In terms of CA Datacom, once security is enabled then it is automatically turned on for all access routes. The difference between security level 03 & security level 05 is that at level 05 you can (and would need to) specify a distinct set of permissions for DataQuery (DQ) access, which could be the same as or different from the access allowed for applications using SQL. If you leave your security at level 03, then the access via SQL & DQ would use the same access path. This means that if you are using external security, you would only need one set of statements in RACF to handle that authorization.
If you have applications that access Datacom through SQL, the best way to limit a user from accessing certain rows is create SQL views that only show the rows to which you want to grant access. You can create as many views as necessary to customize the unique accesses desired. Then using external security give the end users RACF access to the appropriate view(s), and revoke the RACF access they had to the base table.
This will work for all applications using SQL to access the tables; and it will work for users that use DQ in SQL mode for the same table access.
However, native DQ mode cannot use views. Users will get error DQ229E trying to access views using DQ, which is because of this restriction.
CA Dataquery (DQ) provides the capability of having row-level security in DQL mode through the use of Conditions and Restrictions defined within the DQ application security component. It allows definition of a rudimentary “view-like” subset of the data – called a Condition – that identifies the data elements that are qualified. This is a hard condition, i.e., regardless of the rest of the FIND statements, this condition is added to the query as an AND statement, and will return a result set that meets the user-specified FIND criteria as well as the additional Condition criteria. The easy way to remember this is that the Condition controls what data is returned.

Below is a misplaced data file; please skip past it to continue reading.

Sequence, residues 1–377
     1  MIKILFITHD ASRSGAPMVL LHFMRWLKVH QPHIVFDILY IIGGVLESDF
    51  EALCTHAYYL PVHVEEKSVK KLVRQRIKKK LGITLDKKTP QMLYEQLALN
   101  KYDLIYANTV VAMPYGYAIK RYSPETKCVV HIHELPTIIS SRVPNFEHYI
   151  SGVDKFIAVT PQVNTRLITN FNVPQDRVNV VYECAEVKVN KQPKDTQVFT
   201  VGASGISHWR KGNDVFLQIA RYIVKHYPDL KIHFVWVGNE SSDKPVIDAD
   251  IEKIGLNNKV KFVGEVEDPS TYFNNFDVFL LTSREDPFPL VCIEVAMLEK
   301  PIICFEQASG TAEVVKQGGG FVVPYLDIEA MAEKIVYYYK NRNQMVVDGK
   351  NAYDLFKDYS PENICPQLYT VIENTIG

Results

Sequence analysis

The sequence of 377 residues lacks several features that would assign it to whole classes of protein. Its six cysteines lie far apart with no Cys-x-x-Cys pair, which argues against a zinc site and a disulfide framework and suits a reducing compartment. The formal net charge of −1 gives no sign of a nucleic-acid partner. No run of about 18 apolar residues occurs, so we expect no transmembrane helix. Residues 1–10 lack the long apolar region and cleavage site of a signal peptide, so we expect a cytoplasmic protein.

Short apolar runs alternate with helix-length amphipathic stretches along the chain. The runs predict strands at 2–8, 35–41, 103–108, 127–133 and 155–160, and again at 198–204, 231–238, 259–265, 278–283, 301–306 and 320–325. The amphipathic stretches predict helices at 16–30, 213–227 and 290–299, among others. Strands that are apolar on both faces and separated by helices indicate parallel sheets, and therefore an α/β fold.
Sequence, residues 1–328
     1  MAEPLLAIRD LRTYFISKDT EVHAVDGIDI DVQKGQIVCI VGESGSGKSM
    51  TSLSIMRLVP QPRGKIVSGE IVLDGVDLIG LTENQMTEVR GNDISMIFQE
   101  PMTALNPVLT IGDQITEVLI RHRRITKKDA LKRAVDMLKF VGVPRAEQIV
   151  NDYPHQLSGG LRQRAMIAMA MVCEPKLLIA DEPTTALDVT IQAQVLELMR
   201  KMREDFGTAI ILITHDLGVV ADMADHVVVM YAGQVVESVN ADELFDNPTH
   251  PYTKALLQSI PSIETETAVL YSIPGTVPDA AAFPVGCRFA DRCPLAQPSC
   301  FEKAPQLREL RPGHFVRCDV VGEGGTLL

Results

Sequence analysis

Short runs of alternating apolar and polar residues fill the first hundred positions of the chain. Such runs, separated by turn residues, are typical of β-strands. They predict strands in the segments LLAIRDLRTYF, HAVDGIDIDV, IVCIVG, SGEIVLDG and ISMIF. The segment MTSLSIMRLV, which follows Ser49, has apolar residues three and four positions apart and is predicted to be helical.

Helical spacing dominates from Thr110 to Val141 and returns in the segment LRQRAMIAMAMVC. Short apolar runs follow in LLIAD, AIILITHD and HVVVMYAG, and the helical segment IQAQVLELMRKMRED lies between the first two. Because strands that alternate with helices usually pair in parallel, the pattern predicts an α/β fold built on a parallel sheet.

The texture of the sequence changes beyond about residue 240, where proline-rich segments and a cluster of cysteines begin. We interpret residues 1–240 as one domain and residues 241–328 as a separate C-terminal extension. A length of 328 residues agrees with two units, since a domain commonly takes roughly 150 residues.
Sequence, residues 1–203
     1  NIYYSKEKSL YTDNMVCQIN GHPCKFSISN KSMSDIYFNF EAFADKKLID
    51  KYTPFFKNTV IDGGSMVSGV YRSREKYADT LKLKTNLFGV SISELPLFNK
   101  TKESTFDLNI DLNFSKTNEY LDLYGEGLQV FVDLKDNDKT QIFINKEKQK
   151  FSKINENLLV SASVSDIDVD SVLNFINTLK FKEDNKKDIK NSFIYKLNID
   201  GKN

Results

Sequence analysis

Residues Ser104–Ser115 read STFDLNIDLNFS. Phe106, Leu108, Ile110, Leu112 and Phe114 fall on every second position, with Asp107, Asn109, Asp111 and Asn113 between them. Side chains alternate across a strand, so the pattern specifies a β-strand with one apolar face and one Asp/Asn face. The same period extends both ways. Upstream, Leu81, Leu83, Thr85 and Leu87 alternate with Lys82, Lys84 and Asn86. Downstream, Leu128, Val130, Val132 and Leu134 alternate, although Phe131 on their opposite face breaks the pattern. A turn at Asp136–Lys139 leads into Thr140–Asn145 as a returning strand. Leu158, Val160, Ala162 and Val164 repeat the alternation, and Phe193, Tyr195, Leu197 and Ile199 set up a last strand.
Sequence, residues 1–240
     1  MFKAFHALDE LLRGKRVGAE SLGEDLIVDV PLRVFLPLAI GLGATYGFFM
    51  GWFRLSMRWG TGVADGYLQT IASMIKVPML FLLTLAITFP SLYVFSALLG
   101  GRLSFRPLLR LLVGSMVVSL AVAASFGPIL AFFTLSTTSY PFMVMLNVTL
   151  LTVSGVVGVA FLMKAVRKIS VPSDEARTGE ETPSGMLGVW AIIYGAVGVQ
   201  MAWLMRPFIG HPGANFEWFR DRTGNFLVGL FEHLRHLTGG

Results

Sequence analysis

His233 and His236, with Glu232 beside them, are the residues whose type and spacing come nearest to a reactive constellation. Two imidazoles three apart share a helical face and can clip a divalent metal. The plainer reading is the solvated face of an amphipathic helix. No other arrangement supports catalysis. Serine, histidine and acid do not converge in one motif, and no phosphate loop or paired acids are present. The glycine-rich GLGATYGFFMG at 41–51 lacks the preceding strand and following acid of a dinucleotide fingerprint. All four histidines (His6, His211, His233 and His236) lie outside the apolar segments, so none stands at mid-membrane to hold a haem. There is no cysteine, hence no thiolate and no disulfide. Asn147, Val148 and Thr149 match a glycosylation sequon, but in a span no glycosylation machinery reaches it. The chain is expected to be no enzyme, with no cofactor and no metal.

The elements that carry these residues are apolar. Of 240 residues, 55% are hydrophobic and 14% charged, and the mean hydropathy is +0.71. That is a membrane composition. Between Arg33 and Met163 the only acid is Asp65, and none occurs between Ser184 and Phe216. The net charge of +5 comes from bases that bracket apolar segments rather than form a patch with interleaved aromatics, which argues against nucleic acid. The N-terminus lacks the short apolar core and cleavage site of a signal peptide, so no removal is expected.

Next, a collection of Conditions can be applied to individual users (or to groups), and this is called a Restriction. For example, one user might have a Restriction to only see Table ABC data with a state code of CA or NM or WA as one condition; another user might have that Condition plus another Condition that shows all data for only left-handed people. The first user has one Condition, and the second has two Conditions; these are maintained on the individual user records (or on a user group definition if they are being used). Consequently, USERs have RESTRICTIONs about the CONDITIONs to access DATA ROWs.
These Conditions and Restrictions apply only to DQL mode; they cannot be managed through External Security definitions, as the content of the Condition is defined as DQ code internally within DQ. The reason that the views work with External Security is that they are defined as distinct SQL entities, and utilize SQL security features, whereas the Condition/Restriction is actually DQL FIND…WHERE code snippets that become part of the user’s query.
To summarize, the alternatives for establishing row-level security are:
1. Convert all DQL code into SQL, and then prohibit the user from using DQL (DQ native mode) and control all access through SQL & views;
2. Convert the DQ reports into another CA Datacom/DB or SQL-based language (like COBOL or CA Ideal);
3. Create the different possible Conditions internally, and then restrict the users as needed. Note that the benefit to using this process is that changes can be implemented and activated spontaneously, and there is no need for a security administrator and no need to refresh the SAF definitions. At the same time, there is no report of people attempting to retrieve records beyond their scope; in fact, there is no need for a report, as the Condition prevents it by definition.